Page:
The sentence of Aristotle is familiar, "The solitary man is either a brute or a god," but the solitariness whether of the Thebaid or of Fonte Avellano, of Romualdo, Damiani, or of that Yogi, who, to exhibit his hate and scorn of life, flung himself into the flames in the presence of Alexander, is yet indebted and bound by ties invisible, mystic, innumerable, to the State, to the race, for the structural design of the soul itself, for that very pride, that isolating power which seems most to sever it from the State.

Neither has virtue, so simple as that which Aristo, Pyrrho, and also the Stoics, made the end of life; nor the Cyrenaic and Aristippic pleasure, been without mixture useful to it. Of the pleasure and goods that we enjoy, there is not one exempt from some mixture of ill and inconvenience: "Medio de fonte leporum, Surgit amari aliquid, quod in ipsis fioribus angat."

Still, literary history preserves the names of some reformers before the Reformation, in this matter. There was Signora Moderata Fonte, the Venetian, who left a book to be published after her death, in 1592, "Dei Meriti delle Donne." There was her townswoman, Lucrezia Marinella, who followed, ten years after, with her essay, "La Nobilit

My house was damper even than the one I occupied at Fonte Boa, and this made it extremely difficult to keep my collections from being spoilt by mould. But the general humidity of the atmosphere in this part of the river was evidently much greater than it is lower down; it appears to increase gradually in ascending from the Atlantic to the Andes. It was impossible at St.

In the centres of the great squares of Siena and Perugia, rose, obedient to engineers' art, two perennial fountains Without engineers' art, the glens which cleave the sand-rock of Siena flow with living water; and still, if there be a hell for the forger in Italy, he remembers therein the sweet grotto and green wave of Fonte Branda.

For the Signoria of Siena, having resolved to make a very rich adornment in marble for the waters that Agostino and Agnolo of Siena had brought into the square in the year 1343, allotted that work to Jacopo, at the price of 2,200 crowns of gold; wherefore he, having made the model and collected the marbles, put his hand to the work and finally completed it so greatly to the satisfaction of his fellow-citizens, that he was ever afterwards called, not Jacopo della Quercia, but Jacopo della Fonte.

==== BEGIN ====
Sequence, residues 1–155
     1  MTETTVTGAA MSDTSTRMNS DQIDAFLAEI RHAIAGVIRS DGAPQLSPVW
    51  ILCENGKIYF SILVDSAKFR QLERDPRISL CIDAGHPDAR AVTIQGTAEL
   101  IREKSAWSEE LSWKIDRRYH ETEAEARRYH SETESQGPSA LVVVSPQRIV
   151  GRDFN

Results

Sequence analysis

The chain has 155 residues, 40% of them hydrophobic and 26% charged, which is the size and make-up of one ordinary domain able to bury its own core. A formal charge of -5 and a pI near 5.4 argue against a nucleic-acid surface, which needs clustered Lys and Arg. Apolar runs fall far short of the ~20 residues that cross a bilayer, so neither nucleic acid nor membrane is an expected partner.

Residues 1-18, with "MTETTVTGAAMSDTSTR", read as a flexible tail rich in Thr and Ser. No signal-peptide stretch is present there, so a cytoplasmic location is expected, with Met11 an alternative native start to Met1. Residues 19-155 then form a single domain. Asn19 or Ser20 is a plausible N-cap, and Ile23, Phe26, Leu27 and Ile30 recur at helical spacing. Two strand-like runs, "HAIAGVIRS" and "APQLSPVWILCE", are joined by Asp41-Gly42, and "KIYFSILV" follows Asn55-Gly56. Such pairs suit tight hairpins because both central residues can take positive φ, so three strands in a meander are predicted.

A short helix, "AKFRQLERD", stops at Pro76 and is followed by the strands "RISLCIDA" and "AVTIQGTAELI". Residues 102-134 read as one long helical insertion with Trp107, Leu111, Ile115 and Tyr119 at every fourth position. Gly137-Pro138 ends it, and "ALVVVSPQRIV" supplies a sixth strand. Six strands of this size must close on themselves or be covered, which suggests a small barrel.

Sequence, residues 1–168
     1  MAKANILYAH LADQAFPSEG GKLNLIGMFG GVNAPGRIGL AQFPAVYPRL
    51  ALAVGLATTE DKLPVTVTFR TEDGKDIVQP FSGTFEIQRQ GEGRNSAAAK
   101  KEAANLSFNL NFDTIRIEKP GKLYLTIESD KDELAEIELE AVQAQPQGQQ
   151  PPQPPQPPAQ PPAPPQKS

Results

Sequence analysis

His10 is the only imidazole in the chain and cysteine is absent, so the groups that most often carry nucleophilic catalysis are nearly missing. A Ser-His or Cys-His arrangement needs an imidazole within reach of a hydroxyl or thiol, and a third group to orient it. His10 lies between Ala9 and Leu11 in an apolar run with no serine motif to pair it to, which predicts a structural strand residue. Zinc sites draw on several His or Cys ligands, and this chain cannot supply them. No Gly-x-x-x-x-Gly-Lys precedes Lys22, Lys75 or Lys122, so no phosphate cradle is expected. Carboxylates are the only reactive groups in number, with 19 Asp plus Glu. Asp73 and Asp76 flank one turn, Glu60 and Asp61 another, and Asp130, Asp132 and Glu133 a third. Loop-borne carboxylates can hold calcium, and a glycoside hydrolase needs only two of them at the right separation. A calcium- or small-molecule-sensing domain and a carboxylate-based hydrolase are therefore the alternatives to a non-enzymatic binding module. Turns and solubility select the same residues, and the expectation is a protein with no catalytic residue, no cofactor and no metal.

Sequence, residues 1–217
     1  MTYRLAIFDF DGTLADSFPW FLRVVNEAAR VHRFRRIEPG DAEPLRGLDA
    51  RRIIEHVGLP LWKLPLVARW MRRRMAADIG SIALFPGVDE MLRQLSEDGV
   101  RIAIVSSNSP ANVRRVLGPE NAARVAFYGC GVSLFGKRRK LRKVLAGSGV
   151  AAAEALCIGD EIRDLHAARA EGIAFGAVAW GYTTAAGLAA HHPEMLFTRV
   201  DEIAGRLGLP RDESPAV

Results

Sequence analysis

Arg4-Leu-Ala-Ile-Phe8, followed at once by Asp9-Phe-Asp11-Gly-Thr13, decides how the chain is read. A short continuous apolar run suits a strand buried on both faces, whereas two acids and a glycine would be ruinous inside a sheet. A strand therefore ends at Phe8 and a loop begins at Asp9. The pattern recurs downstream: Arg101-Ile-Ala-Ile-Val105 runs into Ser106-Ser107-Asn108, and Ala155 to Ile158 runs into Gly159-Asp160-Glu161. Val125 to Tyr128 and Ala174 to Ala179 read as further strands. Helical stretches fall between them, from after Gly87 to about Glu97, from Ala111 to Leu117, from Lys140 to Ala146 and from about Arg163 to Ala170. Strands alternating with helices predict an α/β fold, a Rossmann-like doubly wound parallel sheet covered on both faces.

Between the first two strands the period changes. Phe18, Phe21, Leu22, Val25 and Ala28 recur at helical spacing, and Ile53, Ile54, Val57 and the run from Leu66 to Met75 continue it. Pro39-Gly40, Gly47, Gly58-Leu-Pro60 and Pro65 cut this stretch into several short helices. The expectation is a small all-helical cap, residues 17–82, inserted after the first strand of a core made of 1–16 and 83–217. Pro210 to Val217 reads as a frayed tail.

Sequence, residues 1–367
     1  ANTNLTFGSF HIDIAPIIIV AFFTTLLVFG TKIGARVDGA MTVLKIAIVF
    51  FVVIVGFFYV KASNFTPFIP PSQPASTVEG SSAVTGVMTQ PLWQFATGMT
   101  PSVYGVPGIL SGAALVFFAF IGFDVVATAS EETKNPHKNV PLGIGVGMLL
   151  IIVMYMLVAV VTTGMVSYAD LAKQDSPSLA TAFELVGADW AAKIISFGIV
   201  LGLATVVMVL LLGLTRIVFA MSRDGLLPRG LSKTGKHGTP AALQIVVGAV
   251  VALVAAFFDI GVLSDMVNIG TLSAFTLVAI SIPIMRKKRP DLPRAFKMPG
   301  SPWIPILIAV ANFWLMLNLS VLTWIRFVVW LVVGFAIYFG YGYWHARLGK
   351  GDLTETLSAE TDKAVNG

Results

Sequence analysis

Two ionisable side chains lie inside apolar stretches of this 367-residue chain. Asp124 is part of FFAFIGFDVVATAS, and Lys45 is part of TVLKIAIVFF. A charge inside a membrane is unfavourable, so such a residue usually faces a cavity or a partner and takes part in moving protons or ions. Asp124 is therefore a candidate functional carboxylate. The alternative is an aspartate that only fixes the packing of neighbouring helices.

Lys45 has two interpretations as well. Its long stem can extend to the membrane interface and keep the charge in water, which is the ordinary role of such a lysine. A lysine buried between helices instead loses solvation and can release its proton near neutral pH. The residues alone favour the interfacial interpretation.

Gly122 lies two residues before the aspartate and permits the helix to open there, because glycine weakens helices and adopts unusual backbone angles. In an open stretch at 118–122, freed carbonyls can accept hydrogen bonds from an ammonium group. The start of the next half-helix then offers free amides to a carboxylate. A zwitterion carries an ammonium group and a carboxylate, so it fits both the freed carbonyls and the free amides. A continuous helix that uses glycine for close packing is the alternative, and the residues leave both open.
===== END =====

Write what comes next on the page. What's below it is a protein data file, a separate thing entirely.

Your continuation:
A fonte praecide rivum; praecisus arescit.... Quisquis ab ecclesia separatus adulterae iungitur, a promissis ecclesiae separatur. Alienus est, hostis est. Habere non potest Deum patrem, qui ecclesiam non habet matrem. Schismatics are therefore rebels, whose lives are forfeit under the laws of treason.

As I gathered from my host, he had had occasion to pass what he called the "Fonte del Cano" near sunset of the afternoon preceding. He had found me lying in a stupor, face down, across the basin of the fount, and directly beneath the jaws of the dog, which he piously crossed himself on mentioning.

The prince hunted about here and there, and at last he discovered six ancient water- vessels of black leather, each with a silver plate on it, and on the plate letters engraved. This was what was written on the plates: AQVA. DE. FONTE. LEONVM. "Thank heaven!" said the prince. "I thought they were sure to have brought it!"

But it is not from the laughers alone that the philosophy of history is to be learned. And he who approaches this subject should carefully guard against the influence of that potent ridicule which has already misled so many excellent writers. "Ecco il fonte del riso, ed ecco il rio Che mortali perigli in se contiene: Hor qui tener a fren nostro desio, Ed esser cauti molto a noi conviene."